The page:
Finding the Motivation

I’ve been thinking about motivation lately. It’s November which is typically when we see students (and staff) start to lose their drive as the weather is getting colder, it’s getting darker earlier, and for many people, it’s a long stretch between Thanksgiving and Christmas break. On the whole, I feel very grateful that I don’t usually have the November blahs, but I can appreciate that many people do.

I love learning and I especially love all my time in the classroom, so for me, I find I lose motivation to do things I love outside the classroom (like write this blog, exercise, and get enough sleep). Even though all of those activities are excellent for my mental and physical health, I have let them fall by the wayside over the last year. In reflecting back, it’s fascinating that I didn’t realize I wasn’t doing some of the activities I love. It actually shocked me that before my last three most recent blog posts, my last one was written in February!?!?! I went seven months without writing anything and I didn’t even notice. I love to write here (even though not many people read it) because the act of writing helps me mull over and clarify my thinking about different ideas. It’s not that I haven’t been thinking, wondering, pondering, researching, connecting, discussing, or learning the last seven months, it’s more that I didn’t feel motivated to write and share my thinking.

So, how does this reflection help me today?

Well, it helps me empathize with my students. Writing is an activity I enjoy and I didn’t engage in it for quite some time. I can understand that for many students, writing is a struggle and not how they want to be expressing their thinking (a necessary and important component in the English curriculum) but I can understand on a deeper level where they are coming from now.

Empathizing with students is important, but what is perhaps more crucial is that I have deconstructed why I didn’t feel motivated to write and have thought about strategies to help bring me back to an activity that I love. For me, the major aspect is that I often don’t realize I’ve let something slip until I get reminded somehow and then think to check on where I left off. I had a feeling that I hadn’t written in a long time, but truly didn’t realize it was seven months ago. It’s sad that I let myself go that long without writing, but at the same time, it’s given me the opportunity to engage in self reflection leading to personal growth. I know now that I need to make time for these important aspects of life and that even when I may be feeling unmotivated, I need to check myself and look to my progress (or lack thereof) to continue to guide me on my journey.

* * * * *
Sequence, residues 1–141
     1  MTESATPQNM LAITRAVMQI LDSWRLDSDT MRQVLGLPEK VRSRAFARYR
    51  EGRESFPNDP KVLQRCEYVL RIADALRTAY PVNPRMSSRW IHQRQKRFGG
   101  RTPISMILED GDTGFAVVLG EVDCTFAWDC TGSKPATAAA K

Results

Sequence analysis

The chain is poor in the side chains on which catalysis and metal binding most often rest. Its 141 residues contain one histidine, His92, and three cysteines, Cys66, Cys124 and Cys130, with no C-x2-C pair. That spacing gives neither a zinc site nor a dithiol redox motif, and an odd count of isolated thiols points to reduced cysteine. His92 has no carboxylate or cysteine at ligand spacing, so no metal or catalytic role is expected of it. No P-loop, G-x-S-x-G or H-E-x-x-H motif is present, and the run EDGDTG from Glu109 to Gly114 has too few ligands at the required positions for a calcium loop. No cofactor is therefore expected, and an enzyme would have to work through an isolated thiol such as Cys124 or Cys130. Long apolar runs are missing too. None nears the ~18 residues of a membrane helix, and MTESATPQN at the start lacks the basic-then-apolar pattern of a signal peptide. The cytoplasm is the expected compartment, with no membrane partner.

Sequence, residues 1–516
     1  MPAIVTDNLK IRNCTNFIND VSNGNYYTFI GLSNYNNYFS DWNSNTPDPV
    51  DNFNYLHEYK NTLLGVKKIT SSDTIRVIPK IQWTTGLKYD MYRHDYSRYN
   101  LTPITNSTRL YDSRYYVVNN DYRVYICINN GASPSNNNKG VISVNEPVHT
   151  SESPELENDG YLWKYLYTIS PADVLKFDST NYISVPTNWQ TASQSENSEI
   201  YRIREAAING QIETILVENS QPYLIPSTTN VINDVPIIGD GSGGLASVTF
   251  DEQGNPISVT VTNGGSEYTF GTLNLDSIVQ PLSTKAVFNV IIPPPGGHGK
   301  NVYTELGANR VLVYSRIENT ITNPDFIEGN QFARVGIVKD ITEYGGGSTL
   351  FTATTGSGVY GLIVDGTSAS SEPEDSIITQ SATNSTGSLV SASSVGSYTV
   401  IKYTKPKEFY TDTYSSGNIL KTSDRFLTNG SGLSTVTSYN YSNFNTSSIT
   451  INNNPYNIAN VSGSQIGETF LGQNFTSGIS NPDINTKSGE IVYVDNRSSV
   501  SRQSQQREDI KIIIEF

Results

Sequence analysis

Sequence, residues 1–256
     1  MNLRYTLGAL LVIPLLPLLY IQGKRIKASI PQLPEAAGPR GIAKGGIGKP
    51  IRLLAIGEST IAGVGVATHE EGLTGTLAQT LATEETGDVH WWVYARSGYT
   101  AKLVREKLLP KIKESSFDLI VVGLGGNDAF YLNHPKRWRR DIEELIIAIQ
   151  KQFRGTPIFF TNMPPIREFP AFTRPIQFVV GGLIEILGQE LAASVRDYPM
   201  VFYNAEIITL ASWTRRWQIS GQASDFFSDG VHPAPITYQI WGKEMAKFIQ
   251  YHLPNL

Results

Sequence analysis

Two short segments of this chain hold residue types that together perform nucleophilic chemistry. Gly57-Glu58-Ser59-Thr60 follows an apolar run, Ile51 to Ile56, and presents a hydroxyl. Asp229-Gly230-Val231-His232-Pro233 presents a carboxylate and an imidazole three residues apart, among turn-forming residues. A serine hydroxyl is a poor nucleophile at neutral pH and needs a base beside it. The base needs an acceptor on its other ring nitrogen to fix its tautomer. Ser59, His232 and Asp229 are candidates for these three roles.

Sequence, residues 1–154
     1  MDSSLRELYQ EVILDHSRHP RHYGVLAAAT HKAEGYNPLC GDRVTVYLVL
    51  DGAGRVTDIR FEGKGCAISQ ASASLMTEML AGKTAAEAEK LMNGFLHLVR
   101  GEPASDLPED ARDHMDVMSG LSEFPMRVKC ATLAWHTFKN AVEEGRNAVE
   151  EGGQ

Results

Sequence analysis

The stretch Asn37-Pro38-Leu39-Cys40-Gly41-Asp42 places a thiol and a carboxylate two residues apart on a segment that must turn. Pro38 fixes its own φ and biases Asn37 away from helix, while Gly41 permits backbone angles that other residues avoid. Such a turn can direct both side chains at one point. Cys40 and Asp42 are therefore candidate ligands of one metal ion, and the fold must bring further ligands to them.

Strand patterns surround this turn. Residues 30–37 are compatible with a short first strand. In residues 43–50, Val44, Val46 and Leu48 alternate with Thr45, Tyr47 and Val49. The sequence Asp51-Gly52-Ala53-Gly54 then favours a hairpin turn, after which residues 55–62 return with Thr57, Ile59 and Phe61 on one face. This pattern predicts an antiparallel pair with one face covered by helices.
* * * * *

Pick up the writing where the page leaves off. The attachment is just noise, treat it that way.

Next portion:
Even though I felt disappointment at the lack of writing, I am grateful. Grateful that I have had the opportunity to reflect, grow, and find my motivation again. It’s from these experiences that I will be able to connect more with my students as truly life is the learning journey and one of the best lessons we can give our students is showing them that sometimes you have to dig deep to find that lost motivation and drive in order to attain your goals.

Change: is it just semantics?

When I was in high school I made my first email account (remember Hotmail?) and when it prompted me to make a signature, I used my favourite quote from the wise baboon (he’s actually a mandrill even though he refers to himself as a baboon), Rafiki, from the Lion King, “Change is good… but it’s not always easy.” As someone who has never been satisfied with the status quo, (even in high school) that quote has always spoken to me and is still very relevant now that I’m an adult.

With moving to a new school in a new role, my learning curve in the past two months has been intense. Paying attention to the culture of the student body, acclimatizing to a new staff of colleagues, and coming into a role where things are different from my previous schools and trying to learn the in’s and out’s of how life unfolds, have made for a rich learning experience. I’ve had so many deep conversations about learning and life and found mentors in unexpected places. To me, that’s the beauty of change. The unexpectedness, the uncomfortable feelings, but the learning and connection with others that happens in these organic situations.

I’ve loved every minute of this new experience as I’m making connections both with previous experiences and with others, thinking of new ideas and possibilities for the learning of my students and myself, as well as seeing the world from different perspectives. So it makes me wonder… if I see change as such a positive experience, why is it scary for so many people? Is it just semantics? What if we changed the language? What if change became just learning? What if change was framed as a more positive (and possibly enjoyable) experience? What if “failure” was just more learning?